Destroying ISIS or stopping terrorism against America and its allies cannot be achieved by embracing Shia terrorists directed by Tehran.
The Sunni nations of the Gulf, North Africa and the Mediterranean might be willing to provide leadership and manpower in a coalition to oppose Iran's doctrine of Shia conquest. However, although the U.S. administration has repeatedly talked about such a coalition, America's actions have continually embraced and helped Iran. As Michael Doran has explained, the result of the American administration's embrace of Iran "has been the development of an extremist safe haven that... stretches from the outskirts of Baghdad all the way to Damascus."
The U.S. could enter into talks with the Saudis, Egyptians, other Arab states and other countries in the region to help them build a coalition to oppose Iran's plans to achieve hegemonic status in the Middle East.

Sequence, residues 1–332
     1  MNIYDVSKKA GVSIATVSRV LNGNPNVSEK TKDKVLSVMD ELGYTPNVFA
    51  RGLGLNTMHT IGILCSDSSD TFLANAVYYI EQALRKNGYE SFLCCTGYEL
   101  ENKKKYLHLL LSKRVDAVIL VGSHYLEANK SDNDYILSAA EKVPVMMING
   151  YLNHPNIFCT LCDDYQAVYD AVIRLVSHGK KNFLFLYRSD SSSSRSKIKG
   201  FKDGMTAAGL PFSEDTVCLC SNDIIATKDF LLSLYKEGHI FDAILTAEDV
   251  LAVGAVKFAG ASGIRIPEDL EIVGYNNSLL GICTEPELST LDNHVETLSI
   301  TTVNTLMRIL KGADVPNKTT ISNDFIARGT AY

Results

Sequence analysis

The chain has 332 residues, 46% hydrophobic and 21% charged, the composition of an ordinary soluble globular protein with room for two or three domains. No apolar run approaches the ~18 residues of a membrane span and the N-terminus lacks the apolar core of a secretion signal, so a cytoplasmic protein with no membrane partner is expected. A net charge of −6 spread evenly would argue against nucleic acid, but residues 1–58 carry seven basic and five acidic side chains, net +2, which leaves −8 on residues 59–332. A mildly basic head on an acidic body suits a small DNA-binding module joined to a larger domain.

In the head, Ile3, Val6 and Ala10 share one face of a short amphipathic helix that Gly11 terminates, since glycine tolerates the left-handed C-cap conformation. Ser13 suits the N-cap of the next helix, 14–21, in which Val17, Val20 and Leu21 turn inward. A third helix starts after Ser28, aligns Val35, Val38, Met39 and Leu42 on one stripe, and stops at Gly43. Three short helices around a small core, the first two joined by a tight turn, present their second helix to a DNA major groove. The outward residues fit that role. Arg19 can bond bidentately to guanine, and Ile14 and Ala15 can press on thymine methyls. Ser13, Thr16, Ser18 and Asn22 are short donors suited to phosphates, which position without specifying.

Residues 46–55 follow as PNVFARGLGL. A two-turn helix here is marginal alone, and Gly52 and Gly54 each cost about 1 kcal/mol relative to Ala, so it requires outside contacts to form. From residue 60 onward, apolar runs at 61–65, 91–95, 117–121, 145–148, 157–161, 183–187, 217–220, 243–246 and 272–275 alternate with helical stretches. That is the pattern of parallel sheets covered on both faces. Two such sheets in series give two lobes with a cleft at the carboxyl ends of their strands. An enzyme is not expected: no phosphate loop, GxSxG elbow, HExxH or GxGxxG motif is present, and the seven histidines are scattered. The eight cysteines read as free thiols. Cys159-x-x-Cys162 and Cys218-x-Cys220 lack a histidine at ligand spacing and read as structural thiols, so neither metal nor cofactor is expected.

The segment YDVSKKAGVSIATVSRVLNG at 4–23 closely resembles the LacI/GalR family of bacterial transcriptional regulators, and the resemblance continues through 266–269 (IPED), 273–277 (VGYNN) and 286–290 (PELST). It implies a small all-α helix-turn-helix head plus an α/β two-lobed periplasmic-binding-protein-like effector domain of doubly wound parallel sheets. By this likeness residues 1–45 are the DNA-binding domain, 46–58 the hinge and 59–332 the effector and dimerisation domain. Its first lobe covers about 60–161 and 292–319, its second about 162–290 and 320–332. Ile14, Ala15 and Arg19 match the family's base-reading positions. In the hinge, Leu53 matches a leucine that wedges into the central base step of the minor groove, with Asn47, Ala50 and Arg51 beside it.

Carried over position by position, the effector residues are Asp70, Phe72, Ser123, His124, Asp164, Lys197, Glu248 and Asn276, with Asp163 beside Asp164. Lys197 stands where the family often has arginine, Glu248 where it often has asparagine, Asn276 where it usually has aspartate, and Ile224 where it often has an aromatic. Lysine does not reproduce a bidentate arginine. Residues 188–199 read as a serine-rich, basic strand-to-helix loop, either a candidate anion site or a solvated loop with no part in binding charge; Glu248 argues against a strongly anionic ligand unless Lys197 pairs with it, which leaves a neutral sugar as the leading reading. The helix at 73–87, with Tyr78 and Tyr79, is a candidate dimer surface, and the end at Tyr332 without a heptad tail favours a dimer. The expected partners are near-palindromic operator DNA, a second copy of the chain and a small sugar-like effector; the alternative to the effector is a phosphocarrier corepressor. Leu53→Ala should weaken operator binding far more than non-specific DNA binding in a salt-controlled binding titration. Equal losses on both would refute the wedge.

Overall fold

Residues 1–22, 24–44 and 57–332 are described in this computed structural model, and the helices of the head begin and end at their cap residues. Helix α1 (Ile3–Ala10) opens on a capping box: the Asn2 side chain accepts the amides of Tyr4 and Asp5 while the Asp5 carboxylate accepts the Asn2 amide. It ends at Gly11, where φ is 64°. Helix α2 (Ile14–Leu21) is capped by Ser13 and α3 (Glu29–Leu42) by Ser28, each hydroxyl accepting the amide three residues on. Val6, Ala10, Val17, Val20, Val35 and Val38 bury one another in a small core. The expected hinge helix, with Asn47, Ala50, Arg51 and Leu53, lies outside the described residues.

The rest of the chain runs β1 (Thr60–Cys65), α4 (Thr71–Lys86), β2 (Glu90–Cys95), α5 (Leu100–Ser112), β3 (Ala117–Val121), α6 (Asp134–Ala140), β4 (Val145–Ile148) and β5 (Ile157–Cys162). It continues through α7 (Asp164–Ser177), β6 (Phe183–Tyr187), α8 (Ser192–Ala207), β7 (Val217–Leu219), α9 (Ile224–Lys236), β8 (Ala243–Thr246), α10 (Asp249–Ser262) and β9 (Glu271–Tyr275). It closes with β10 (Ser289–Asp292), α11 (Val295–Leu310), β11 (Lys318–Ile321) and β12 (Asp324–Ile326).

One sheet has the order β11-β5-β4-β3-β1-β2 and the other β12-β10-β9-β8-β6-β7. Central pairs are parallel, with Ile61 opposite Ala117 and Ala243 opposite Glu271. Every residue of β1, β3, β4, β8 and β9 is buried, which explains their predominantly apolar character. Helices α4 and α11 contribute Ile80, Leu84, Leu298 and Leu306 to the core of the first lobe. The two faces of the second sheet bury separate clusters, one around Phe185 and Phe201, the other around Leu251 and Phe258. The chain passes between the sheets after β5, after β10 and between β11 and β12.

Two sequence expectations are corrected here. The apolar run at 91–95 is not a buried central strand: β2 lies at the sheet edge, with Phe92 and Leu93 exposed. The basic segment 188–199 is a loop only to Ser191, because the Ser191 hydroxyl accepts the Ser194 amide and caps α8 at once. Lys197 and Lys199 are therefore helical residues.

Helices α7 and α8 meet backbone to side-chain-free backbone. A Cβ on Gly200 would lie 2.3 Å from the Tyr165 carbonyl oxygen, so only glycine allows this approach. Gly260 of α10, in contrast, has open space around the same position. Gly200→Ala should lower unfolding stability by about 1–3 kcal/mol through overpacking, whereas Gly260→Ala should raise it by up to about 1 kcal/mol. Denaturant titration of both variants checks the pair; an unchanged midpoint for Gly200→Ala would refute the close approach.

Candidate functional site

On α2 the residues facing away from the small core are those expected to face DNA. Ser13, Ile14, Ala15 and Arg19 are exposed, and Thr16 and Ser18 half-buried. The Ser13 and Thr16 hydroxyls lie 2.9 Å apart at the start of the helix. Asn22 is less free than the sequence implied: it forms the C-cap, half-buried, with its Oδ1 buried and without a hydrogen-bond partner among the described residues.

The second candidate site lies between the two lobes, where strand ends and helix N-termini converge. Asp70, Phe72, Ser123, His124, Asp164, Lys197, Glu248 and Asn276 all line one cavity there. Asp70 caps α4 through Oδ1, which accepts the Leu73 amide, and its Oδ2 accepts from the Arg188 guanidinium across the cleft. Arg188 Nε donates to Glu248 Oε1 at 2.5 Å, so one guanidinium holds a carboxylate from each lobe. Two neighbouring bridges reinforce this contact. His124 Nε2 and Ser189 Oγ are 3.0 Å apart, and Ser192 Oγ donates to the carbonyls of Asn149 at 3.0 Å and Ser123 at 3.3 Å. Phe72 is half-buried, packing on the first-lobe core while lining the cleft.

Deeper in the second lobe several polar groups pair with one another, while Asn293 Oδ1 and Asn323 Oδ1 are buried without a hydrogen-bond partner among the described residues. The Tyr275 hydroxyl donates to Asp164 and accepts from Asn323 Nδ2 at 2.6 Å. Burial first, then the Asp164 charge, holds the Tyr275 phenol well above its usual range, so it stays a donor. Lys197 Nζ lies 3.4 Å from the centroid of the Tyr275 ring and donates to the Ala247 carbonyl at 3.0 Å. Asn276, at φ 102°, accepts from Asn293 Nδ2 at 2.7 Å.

Is reform in the region even possible? Or is the U.S. now solidly locked into an embrace with an increasingly hostile and violent Iran?
Reform in the Middle East does not come easily, but the "Arab Spring" illustrates that positive change can take place. Unfortunately, the Obama administration, as President Carter mistakenly did in 1979, has embraced the mullahs, who immediately sidelined any reformers who might have been democratically inclined. In Egypt, the U.S. then actively helped bring the extremist Muslim Brotherhood to power, until twenty-two million Egyptians themselves apparently decided they had tasted enough of such repression and revolted; and in Afghanistan, the U.S. pathetically kept looking for the "moderate wing" of the Taliban.